Biden Admin To Impose Harsher Restrictions on Chinese Semiconductor Industry

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Will Kessler Contributor
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The Biden administration is planning to ban investments in some Chinese companies that are involved in the technology sector through an executive order on Wednesday, according to The Wall Street Journal.

The U.S. will restrict private-equity and venture capital firms from directly investing in some Chinese companies that operate in the semiconductor, quantum computing and artificial intelligence sectors, according to the WSJ. In October 2022, the Biden administration placed similar restrictions limiting Chinese access to American chip technology by blacklisting multiple Chinese semiconductor manufacturers from working with American companies. (RELATED: Top Chip Manufacturer Announces Layoffs Despite Biden Admin Subsidies To The Industry)

The new rules would require Americans doing business in China to inform the U.S. government about investments in those three sectors, according to the WSJ.

The executive order is expected to only apply to future transactions and will not cover portfolio investments in Chinese stocks and bonds, according to the WSJ. The restrictions are expected to apply to other U.S. adversaries like Russia, but without the same technology competition, the restrictions are expected to only practically affect investment in China.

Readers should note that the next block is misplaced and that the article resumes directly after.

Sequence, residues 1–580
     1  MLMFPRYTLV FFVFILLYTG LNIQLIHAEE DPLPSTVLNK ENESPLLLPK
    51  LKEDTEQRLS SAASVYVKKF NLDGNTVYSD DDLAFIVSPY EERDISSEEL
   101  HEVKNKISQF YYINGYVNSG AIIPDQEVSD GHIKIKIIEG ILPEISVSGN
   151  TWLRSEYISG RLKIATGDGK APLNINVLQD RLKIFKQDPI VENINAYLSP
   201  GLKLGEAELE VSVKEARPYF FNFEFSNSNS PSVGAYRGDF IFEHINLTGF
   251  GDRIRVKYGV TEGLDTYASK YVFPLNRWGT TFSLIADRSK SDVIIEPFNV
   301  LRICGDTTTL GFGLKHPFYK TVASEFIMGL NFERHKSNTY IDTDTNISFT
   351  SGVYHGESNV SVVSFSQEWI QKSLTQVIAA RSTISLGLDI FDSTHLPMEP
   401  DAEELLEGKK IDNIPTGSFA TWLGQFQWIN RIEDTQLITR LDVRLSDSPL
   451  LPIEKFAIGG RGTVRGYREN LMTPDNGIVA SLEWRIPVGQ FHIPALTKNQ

Three top U.S. semiconductor manufacturers, Intel, Qualcomm and Nvidia, quietly met with Biden administration officials, including Commerce Secretary Gina Raimondo, National Economic Council Director Lael Brainard and National Security Council Director Jake Sullivan, in July to discuss new restrictions that the White House was considering on the Chinese semiconductor industry.

China and the U.S. have been engaged in a competition over gaining an advantage in the semiconductor industry and artificial intelligence advancement. The U.S. has leveraged its intellectual property, while China has leveraged its access to raw resources, including the necessary minerals to build computer chips.

Xie Feng, the Chinese ambassador to the U.S., said at a security and foreign policy conference in July that the country will not back down from competition with the U.S. and noted that the country will retaliate to new restrictions.

The CHIPS and Science Act was signed into law in August 2022 and gave $52 billion in subsidies to domestic semiconductor manufacturers as a part of the push for the U.S. to gain an advantage in the chip industry.

The White House did not immediately respond to the Daily Caller News Foundation’s request for comment.

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